Ever since smartphones and tablets found their comfy spot in our lives, the central theme in the media has been the possible convergence of mobile devices and desktop computers. That very idea that you might want to continue using your mobile apps even when you're sitting at your PC has nurtured the need for Android emulators (after all, this is the most widely used mobile OS at the moment), and other kinds of solutions for integrating Android apps into devices with different architectures and operating systems.
In case you're interested in Android and want to try it out before actually buy a device that runs it, or maybe you actually consider Android applications to be useful in a desktop environment and a viable alternative to desktop apps, or even if you just want to have all your communication and settings consistent across all platforms, then the programs I am about to list are exactly what you are looking for. Read on.
The most powerful and popular Android emulator that runs applications downloaded from Google Play on Mac OS. In reality, BlueStacks is a so-called app player allowing you to access the whole library of Android apps and games on a desktop computer.
The program has a user-friendly interface comes absolutely free of charge. After installing BlueStacks, you are ready to search and install any Android application, provided you've got a Google account to get apps via Google Play. Besides, if you have BlueStacks installed on your Android phone or tablet, you can use BlueStacks Cloud Connect to synchronize the apps on your device with your computer.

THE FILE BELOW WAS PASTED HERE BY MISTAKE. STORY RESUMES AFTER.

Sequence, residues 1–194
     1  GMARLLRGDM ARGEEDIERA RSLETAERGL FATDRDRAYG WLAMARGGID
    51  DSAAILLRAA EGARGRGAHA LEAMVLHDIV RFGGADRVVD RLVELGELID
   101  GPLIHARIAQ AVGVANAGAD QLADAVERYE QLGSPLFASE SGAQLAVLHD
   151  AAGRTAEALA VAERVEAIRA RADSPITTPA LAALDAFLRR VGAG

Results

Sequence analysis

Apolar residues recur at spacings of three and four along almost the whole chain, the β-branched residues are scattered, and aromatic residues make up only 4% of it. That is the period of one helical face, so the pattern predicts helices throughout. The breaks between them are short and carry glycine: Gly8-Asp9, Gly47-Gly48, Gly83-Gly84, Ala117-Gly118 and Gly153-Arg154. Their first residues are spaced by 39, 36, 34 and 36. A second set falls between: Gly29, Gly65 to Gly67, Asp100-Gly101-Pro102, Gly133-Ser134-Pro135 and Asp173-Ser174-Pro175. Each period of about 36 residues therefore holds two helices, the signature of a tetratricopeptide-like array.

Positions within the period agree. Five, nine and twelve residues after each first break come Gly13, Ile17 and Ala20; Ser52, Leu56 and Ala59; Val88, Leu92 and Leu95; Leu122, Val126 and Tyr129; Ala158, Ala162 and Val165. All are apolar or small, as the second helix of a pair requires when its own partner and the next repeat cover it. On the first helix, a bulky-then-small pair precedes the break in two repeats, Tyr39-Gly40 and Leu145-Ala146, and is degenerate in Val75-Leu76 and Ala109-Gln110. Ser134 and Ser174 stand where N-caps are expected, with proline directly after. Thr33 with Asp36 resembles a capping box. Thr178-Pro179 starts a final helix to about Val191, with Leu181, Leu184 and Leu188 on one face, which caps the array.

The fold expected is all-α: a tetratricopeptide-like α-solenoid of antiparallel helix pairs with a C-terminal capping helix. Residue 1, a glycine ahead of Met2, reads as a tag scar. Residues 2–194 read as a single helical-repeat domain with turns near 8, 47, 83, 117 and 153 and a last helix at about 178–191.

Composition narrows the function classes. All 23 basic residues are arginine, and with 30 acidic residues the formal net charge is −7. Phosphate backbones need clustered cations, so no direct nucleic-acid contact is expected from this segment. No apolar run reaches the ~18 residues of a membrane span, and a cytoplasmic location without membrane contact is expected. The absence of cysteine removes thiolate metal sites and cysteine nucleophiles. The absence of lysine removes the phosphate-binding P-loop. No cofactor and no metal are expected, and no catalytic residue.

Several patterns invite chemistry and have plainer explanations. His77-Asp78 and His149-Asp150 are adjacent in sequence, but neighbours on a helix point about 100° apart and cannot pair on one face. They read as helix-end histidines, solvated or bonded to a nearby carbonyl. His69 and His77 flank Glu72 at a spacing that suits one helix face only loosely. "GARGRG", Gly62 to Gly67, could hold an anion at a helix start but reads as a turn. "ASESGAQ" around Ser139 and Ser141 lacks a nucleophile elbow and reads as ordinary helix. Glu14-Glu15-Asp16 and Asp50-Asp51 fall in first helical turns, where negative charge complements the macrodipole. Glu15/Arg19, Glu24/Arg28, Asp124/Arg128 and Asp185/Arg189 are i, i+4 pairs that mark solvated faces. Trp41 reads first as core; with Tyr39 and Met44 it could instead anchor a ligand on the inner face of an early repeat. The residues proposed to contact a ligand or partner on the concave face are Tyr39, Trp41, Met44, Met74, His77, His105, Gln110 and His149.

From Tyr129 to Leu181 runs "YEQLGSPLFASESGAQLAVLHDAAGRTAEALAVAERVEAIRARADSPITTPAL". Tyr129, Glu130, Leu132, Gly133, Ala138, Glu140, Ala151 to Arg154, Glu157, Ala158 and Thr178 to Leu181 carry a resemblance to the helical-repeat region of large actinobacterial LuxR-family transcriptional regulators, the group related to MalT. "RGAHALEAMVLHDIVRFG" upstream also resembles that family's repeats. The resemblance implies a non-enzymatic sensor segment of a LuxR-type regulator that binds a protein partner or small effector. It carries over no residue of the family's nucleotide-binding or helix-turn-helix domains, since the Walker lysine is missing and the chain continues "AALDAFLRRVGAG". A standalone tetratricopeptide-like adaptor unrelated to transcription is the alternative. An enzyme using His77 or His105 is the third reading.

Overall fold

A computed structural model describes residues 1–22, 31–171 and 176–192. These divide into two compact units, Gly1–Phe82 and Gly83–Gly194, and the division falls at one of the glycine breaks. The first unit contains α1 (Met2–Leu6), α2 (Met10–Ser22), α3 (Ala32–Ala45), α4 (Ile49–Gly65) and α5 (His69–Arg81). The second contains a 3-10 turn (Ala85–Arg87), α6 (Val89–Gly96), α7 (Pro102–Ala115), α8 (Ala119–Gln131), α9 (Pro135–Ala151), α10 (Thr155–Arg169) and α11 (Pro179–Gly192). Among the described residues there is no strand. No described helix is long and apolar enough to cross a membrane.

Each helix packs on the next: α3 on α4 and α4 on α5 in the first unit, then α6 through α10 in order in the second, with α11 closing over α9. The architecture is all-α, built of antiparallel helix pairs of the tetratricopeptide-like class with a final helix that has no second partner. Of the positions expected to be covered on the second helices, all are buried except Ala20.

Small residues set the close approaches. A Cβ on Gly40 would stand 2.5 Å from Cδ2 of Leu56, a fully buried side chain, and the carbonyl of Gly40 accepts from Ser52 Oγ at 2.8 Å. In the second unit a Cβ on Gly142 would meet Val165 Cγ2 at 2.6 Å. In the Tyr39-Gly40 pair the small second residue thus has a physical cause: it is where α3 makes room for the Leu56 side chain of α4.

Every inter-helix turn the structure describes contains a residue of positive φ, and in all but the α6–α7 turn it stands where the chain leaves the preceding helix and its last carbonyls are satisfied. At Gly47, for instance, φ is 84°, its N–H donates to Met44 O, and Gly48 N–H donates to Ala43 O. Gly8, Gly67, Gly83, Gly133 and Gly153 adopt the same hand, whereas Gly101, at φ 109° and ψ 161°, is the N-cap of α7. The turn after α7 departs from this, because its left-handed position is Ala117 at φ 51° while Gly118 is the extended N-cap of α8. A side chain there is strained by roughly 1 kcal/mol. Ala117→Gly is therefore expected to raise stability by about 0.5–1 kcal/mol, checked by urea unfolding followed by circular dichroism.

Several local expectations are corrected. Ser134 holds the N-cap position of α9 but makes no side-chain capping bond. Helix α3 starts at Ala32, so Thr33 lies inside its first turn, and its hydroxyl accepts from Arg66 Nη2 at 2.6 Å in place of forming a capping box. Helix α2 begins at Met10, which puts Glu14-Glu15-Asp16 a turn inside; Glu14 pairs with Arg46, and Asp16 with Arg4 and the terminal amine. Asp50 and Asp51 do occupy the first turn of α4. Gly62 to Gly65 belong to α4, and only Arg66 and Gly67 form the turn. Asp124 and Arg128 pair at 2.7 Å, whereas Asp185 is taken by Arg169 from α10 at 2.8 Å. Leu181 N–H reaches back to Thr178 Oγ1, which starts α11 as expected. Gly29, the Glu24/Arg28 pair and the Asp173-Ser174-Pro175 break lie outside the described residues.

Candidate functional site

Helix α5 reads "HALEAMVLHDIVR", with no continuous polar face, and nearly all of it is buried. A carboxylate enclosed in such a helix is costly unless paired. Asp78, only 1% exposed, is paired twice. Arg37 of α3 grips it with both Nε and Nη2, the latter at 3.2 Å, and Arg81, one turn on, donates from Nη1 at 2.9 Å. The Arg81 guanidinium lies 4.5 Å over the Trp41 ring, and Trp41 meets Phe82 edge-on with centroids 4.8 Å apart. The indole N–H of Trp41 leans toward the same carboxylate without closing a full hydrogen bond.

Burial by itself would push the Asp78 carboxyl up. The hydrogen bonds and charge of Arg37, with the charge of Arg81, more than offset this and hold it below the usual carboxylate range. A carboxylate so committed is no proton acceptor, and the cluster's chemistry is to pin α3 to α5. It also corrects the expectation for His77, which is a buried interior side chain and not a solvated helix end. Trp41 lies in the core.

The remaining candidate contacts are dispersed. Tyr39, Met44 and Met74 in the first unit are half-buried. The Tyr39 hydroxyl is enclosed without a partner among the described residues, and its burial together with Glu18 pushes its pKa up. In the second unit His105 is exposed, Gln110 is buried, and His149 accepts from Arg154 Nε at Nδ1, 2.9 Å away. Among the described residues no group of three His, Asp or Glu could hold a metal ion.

Here's another easy way to make Android OS and apps work on your Mac. VirtualBox is a free virtualization solution that emulates a virtual mobile device that you can install Android on. As a virtual machine (which you can use to virtualize other operating systems as well), VirtualBox doesn't exactly offer an interface intended for searching, downloading, and running Android applications.
Think of it as an Android device within your computer – you can do with it pretty much anything you can do with your Android phone or tablet, including web browsing, texting, etc. Being able to use Android apps is just a side benefit.
Previously known as AndroidVM, GenyMotion has been revamped and now comes with a new player design and a much better user interface that is finally user-friendly instead of just being developer-friendly. The emulator can imitate dozens of Android devices and requires VirtualBox.
Like the two aforementioned emulators, GenyMotion is also free to download (although there are paid versions as well, intended for Android developers), but it requires you to register an account on GenyMotion and get the bundle comprising both the app itself and VirtualBox. On the whole, the application works pretty well, but it still doesn't feel like a final version and sometimes seems a little bit buggy.
Hopefully, you can now stop thinking about Android and your desktop computer as different worlds and start enjoying a little bit of both anywhere you are. So if you've always wanted to play Plants versus Zombies 2 (which is still exclusive for Android and iOS), or Candy Crush, or Subway Surfers, or just get a taste of Android – have a go and share your experiences in the comments below.